Health officials say Yosemite hantavirus outbreak unlikely to reach Oakland
on September 3, 2012
Late last month, officials from Yosemite National Park announced that two people who visited the park in June died later from hantavirus pulmonary syndrome (HPS), a dangerous disease spread through the urine, saliva or feces of infected rodents.
But there should be no serious concern for contracting hantavirus in Oakland, health officials say. Deer mice are the only known species to carry hantavirus in California, according to the California Department of Fish and Game website. Deer mice reside throughout North America in woodland or desert areas, not in urban settings.
“You can recognize a deer mouse because they are two-colored: they have a white belly and their backside is grey or brown, and they have large ears with no fur on them,” said Ralph Montano, a spokesman for the California Department of Public Health (CDPH), in a phone interview last week. “A house mouse is usually a solid color with smaller, furry ears.”
The virus is not contagious between humans. “Hantavirus is spread from one mouse to the next, but we don’t know the transmission rate,” said Norma Arceo, public information officer for the CDPH. “Roughly 14 percent of deer mice in California are infected.”
In urban and suburban areas, wild rodents are most often house mice or roof rats, both species that do not carry hantavirus, the CDPH website states. However, in any wilderness area or facility where feces or rodent nests are visible, residents should be aware of the symptoms of hantaviris and avoid contact with wild rodents anyway, as it may be hard to discern a deer mouse from the more common house mouse. For Oakland residents, this means taking precautionary measures like keeping food in tightly sealed containers, sealing holes where mice and other rodents could enter a home and disposing of dead rodents and feces using gloves and a bleach solution.
The symptoms of hantavirus consist of unusually high fevers, fatigue and muscle aches— similar to those of the more common influenza virus. “It’s a pretty rapid onset, and the death rate is about one third,” said Roger Baxter, an infectious disease expert at Kaiser Permanente’s Oakland Medical Center and co-director of the Kaiser Permanente Vaccine Study Center, in a phone interview last Wednesday. “That’s really high for a virus.”
Montano said symptoms commonly appear within one to two weeks of exposure. If left untreated, she said, hantavirus can quickly progress into the lungs, resulting in heart, lung or kidney failure.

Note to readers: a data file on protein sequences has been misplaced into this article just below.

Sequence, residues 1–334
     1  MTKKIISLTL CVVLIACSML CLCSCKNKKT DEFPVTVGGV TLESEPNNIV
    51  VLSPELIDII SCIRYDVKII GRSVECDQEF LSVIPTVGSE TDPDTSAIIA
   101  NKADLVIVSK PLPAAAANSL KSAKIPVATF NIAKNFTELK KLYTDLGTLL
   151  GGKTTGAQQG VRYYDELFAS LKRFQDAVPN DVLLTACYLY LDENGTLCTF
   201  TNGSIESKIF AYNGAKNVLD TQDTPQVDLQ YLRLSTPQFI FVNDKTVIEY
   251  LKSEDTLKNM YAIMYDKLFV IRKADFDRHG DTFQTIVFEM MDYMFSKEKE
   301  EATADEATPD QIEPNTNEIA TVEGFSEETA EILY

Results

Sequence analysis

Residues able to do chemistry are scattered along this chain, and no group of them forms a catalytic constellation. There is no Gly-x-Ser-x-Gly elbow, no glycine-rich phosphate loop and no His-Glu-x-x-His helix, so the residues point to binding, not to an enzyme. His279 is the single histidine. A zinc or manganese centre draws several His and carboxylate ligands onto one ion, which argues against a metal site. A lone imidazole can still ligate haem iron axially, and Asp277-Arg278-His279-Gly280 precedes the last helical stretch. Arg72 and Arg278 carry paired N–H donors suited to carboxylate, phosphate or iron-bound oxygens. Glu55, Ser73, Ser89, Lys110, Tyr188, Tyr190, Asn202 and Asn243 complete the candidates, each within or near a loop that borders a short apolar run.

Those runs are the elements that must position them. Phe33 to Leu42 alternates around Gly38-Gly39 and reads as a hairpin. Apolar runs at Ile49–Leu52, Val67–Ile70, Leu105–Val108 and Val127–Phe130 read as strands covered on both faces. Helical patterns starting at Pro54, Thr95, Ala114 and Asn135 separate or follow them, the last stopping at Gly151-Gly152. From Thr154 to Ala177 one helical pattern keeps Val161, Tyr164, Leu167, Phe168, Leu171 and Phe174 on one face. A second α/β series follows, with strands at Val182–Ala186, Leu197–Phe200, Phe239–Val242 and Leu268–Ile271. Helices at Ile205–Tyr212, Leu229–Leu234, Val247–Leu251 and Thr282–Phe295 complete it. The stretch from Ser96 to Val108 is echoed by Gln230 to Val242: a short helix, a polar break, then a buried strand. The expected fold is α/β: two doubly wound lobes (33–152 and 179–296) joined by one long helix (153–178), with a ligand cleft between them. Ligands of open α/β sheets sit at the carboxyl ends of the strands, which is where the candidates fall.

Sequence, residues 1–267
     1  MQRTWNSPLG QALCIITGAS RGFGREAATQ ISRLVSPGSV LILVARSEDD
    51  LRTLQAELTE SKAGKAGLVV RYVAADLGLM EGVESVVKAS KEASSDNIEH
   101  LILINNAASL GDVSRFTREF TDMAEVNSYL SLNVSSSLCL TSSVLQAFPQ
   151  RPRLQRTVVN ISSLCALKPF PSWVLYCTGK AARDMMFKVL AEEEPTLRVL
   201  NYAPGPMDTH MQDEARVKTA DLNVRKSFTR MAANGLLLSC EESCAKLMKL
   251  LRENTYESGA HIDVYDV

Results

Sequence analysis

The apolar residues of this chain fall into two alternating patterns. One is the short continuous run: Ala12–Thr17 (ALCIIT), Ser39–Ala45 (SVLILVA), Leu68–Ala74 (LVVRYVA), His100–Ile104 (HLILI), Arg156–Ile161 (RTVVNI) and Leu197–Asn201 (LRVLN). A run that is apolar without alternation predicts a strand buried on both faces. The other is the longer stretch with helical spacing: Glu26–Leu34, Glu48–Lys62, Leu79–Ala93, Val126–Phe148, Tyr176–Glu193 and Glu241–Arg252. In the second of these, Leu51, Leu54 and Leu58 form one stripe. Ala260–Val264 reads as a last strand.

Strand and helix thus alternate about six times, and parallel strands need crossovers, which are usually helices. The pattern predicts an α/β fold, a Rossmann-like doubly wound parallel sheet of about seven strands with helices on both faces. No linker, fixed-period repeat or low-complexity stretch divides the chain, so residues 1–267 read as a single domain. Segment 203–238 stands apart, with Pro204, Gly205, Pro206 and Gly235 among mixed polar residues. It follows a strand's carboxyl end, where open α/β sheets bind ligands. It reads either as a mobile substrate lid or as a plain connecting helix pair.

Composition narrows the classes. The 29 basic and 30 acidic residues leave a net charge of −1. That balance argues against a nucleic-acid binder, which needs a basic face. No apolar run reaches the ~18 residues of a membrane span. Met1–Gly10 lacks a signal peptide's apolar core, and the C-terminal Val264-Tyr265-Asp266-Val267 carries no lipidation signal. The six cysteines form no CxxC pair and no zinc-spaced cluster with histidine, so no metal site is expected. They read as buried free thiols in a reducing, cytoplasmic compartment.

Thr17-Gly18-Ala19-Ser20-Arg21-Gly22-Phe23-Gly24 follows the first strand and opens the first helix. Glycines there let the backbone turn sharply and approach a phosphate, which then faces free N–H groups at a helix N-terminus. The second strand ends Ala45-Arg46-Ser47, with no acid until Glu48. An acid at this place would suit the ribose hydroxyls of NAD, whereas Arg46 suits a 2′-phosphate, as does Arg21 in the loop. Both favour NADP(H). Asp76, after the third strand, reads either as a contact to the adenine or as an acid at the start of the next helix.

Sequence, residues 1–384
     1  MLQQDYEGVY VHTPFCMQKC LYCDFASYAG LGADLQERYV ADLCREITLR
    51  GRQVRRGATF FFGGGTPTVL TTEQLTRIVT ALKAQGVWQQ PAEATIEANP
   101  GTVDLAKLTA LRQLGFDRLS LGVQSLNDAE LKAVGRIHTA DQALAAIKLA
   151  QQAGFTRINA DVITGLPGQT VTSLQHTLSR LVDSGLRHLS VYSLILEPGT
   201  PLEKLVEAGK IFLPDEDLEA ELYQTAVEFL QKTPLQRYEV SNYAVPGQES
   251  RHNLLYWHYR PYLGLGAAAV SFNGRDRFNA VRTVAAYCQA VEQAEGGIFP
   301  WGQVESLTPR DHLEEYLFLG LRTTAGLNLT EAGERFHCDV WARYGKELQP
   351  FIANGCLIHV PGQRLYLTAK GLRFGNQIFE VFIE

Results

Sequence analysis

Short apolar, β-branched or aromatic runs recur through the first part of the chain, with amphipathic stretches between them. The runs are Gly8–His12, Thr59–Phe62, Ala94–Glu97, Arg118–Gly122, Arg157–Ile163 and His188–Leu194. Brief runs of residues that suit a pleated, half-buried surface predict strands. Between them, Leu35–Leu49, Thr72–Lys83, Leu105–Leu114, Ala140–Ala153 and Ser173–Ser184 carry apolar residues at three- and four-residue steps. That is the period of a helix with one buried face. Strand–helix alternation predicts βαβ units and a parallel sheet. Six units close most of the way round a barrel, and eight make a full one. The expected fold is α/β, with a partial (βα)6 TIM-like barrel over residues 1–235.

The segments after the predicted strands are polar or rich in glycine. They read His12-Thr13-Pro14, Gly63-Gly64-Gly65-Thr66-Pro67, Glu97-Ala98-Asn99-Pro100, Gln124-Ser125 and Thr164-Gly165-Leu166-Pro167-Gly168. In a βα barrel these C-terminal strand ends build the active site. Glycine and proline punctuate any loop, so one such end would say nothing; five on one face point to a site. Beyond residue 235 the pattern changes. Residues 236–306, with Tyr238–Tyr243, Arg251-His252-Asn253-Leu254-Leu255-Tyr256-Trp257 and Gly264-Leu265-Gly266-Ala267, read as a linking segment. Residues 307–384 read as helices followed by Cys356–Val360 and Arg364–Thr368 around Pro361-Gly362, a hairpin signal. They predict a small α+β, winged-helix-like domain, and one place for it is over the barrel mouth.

“Antibiotics have no effect,” Arthur Reingold, professor and chair of the Division of Epidemiology at UC Berkeley’s School of Public Health, said in a phone interview. “It’s really what we call ‘supportive treatment,’ in terms of keeping you breathing and other organs working until your body recovers.”
Yosemite officials have said they believe the virus seems to have been contracted only by visitors who stayed in Curry Village, the tent cabin campground located in central Yosemite Valley beneath Glacier Point. They announced that as many as 1,700 visitors who stayed there from mid-June throughout the end of August might have been exposed.
According to a press release from the CDPH, six visitors are so far known to have become infected. Of those, two have died. Both victims—a visitor from Pennsylvania, and a 37-year-old man from Alameda County—stayed in the Boystown area of Curry Village. Officials from Yosemite shut down all visitor access to Boystown on August 28, the press release says.
Since hantavirus was discovered in 1993, there have been 60 reported cases in California. In the last decade, CDPH has tested nearly 7,000 mice statewide, Montano said. This year, there have been seven reported accounts of hantavirus in the state.
“If someone is having some of these early symptoms and they’ve recently been staying in a camping area where they know there were mice around, they should go to their doctor and make them aware of their recent stay so that they can make an assessment,” Montano said.
Sherri Willis, public information officer for the Alameda County Public Health Department, said in a phone interview that deer mice last tested positive for hantavirus in Alameda County in 1999 and 2000 in four locations: Del Valle Regional Park (1999), Ohlone Regional Wilderness (1999), Bethany Reservoir (1999) and Camp Parks (2000). According to CDPH’s website, the last time rodents in California were tested for hantavirus in Alameda County was in 2011, from June through December.
In rodent-infested spaces or in the wilderness, individuals are advised to ventilate the area for two hours and wear plastic gloves when cleaning, according to a press release from Yosemite National Park. Using a bleach solution, wearing a face mask and disposing of cleaning materials in a double plastic bag are also suggested practices.
“A classic example is that someone goes into a cabin in someplace like the Sierras that’s been closed off for the winter,” Reingold said. “They clean it up, they sweep up the dust, and there’s dried urine and feces that get into the air.”
Concern over contracting hantavirus should not outweigh venturing outdoors, Baxter said. Enclosed areas, like cabins, offer greater chances of becoming ill as they can accumulate dust with traces of urine, feces or saliva from infected rodents.
“It’s a nasty infection, but it is still really rare,” Baxter said. “We don’t think this is some sort of new epidemic.”
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